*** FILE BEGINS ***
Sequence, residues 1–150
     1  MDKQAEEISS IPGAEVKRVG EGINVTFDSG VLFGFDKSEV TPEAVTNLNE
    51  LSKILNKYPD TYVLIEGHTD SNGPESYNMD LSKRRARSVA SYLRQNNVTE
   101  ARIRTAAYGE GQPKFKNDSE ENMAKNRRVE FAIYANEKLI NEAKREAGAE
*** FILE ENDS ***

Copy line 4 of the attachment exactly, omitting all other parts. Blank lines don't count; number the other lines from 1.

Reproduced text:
   101  ARIRTAAYGE GQPKFKNDSE ENMAKNRRVE FAIYANEKLI NEAKREAGAE